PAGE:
As part of International Week of the Deaf, Leicestershire Police became the first police force in the UK to sign the British Deaf Association’s Charter for British Sign Language (BSL).
Yesterday (Wednesday 24 September), Leicestershire Police invited members of the Deaf community, along with the Chair of the British Deaf Association, to witness the Force become the first police service to sign the charter.
The BSL Charter sets out four pledges to improve access and the rights of Deaf people. Leicestershire Police are now committed to the following pledges:
- Ensure access for Deaf people to information and services
- Promote learning and high quality teaching of British Sign Language
- Ensure staff working with Deaf people can communicate effectively in British Sign Language
- Consult with our local Deaf community on a regular basis
Chief Constable Simon Cole said: “We are proud to be the first police force to sign the BSL Charter. We have worked hard over the years to build strong relationships with the Deaf community and, whilst we are already delivering on the pledges, we hope that by signing this Charter we will show further commitment to supporting them.”
The Charter aims to eliminate unlawful discrimination, advance equality of opportunity and further good relations with the Deaf communities within Leicester, Leicestershire and Rutland.
The Force has developed its relationship with the Deaf communities across the city and county through its PLOD (Police Link Officers for the Deaf) scheme. The Force has 18 officers and staff who range from Level 1 (elementary) to Level 3 (advanced) and support the Deaf community by acting as a point of contact in a variety of incidents or for community issues.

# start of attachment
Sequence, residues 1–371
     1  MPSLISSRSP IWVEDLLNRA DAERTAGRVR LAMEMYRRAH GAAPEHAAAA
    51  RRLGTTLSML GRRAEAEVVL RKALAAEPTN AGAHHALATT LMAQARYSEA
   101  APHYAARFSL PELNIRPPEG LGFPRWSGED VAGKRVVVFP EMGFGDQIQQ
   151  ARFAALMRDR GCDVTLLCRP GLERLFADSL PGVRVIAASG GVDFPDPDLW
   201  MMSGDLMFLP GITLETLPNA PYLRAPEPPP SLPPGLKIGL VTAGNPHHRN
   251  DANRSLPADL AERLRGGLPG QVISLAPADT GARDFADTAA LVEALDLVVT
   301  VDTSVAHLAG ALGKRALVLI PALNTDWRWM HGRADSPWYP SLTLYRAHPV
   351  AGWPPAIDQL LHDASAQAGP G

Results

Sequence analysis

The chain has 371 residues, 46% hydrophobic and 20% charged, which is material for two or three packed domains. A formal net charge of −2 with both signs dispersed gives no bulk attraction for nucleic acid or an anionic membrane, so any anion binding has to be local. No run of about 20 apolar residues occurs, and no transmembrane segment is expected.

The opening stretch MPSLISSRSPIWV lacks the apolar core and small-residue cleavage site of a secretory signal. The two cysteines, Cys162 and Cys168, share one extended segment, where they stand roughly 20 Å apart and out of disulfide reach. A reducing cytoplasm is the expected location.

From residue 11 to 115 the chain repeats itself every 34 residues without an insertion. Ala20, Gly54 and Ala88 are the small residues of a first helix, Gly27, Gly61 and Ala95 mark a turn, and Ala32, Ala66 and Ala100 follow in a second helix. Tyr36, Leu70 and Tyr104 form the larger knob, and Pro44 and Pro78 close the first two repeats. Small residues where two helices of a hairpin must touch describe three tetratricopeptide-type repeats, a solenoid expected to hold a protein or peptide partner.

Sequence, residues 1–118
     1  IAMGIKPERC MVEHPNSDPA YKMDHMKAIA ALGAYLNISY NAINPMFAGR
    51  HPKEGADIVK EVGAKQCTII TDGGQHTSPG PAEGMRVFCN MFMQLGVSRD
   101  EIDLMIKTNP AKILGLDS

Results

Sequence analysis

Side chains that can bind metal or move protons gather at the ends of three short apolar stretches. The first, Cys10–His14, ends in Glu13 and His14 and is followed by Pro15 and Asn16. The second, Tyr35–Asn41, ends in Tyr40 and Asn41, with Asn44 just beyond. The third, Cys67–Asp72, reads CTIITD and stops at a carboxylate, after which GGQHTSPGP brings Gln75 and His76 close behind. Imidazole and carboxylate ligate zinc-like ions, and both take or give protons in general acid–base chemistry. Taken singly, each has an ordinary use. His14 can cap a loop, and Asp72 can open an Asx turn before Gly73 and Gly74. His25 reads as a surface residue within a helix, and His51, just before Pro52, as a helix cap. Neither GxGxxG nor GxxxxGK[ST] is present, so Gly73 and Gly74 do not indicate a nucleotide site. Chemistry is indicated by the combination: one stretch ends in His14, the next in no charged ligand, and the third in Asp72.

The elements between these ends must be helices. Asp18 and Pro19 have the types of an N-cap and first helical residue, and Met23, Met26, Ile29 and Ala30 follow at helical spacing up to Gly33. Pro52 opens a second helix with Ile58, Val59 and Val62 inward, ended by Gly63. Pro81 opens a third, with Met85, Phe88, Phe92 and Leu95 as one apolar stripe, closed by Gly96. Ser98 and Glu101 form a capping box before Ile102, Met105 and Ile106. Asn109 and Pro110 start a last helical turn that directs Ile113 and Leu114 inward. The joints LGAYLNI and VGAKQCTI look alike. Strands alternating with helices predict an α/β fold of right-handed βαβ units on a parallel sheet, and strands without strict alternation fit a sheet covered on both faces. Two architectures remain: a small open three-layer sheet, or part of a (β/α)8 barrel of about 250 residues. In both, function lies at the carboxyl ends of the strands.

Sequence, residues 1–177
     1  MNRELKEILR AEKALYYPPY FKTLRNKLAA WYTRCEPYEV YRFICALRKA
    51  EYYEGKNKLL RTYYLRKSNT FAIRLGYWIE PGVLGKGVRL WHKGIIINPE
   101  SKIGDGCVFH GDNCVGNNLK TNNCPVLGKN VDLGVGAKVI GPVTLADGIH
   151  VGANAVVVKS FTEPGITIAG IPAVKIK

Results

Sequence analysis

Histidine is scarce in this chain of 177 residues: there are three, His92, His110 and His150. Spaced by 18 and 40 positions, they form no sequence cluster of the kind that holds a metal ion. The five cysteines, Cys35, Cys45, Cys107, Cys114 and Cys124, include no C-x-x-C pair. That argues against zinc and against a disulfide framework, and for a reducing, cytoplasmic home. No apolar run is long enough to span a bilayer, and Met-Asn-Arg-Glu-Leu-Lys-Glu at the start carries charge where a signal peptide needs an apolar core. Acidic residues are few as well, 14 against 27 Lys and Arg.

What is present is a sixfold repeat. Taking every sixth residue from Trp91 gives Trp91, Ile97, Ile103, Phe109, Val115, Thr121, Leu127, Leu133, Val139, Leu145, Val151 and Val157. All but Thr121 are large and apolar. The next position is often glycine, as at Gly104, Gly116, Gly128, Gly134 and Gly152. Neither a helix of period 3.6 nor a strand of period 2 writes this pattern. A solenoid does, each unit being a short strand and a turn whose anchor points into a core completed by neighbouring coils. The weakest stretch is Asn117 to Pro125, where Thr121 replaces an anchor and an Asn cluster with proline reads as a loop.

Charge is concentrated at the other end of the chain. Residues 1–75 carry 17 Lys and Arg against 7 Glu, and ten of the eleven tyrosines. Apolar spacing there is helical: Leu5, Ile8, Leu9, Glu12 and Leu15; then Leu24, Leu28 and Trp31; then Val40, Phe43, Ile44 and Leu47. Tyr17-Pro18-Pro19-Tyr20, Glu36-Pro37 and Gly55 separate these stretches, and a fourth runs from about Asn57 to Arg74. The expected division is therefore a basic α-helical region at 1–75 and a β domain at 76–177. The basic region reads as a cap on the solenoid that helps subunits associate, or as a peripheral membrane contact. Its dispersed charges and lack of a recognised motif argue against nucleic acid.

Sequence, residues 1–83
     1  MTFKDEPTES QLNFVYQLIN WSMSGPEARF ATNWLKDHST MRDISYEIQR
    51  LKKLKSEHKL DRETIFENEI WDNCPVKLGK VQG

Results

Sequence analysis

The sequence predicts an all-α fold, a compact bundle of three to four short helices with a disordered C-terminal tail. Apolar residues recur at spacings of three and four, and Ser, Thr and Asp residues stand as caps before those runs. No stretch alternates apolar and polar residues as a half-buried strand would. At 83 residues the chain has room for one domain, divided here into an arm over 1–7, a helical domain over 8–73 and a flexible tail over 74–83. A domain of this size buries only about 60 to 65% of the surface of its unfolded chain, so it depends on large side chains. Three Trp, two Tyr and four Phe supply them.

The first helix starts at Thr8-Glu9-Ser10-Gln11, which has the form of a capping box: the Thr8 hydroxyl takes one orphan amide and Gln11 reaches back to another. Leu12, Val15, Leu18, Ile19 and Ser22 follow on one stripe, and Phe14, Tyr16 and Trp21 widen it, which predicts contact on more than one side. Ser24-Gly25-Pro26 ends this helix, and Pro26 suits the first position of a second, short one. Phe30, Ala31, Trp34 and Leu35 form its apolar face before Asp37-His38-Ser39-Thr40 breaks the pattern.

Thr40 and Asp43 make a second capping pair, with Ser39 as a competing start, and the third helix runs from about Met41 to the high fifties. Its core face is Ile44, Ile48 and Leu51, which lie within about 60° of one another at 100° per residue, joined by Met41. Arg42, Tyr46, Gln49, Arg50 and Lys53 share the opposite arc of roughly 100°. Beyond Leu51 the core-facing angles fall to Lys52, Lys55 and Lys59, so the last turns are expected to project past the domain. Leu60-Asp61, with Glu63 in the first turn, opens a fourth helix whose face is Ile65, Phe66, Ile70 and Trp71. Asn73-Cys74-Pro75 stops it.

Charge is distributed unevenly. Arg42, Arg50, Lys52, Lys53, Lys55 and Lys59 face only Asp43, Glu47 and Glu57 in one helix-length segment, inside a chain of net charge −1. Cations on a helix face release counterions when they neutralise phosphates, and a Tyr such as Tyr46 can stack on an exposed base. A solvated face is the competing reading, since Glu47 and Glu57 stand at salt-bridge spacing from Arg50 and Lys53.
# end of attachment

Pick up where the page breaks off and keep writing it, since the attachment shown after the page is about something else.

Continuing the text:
The Police and Crime Commissioner, Sir Clive Loader, visited the Leicester Deaf Action Group with PLOD on Monday 22 September. Some members of the Deaf community meet at the Monday ‘Open House’ session to chat and get the opportunity to speak informally, or formally, with a police officer who is BSL trained.
Sir Clive Loader said: “It is extremely important that we maintain a good relationship with the Deaf community. Providing a support for them through PLOD ensures that they aren’t excluded. In light of recent events in the city (the murder of Christopher Penman) it is vital that this community is given the chance to have their say and feel that they are supported.
“During the session I met with a young Deaf girl who we are hoping will join the Youth Commission to represent this community.”
Dr Terry Riley OBE, Chair of the British Deaf Association, said: “I commend Leicestershire Police for being committed to ensuring the legal rights for all Deaf and hard of hearing people, especially at every stage of the caution and arrest process.
“This is impressive at a time of austerity when so many public bodies are cutting back on services with a disproportionate impact on the most disadvantaged sections of the community, including Deaf people.”
Article extracted from: Leicestershire Police website – issued on 25/9/14 at 9:30 a.m.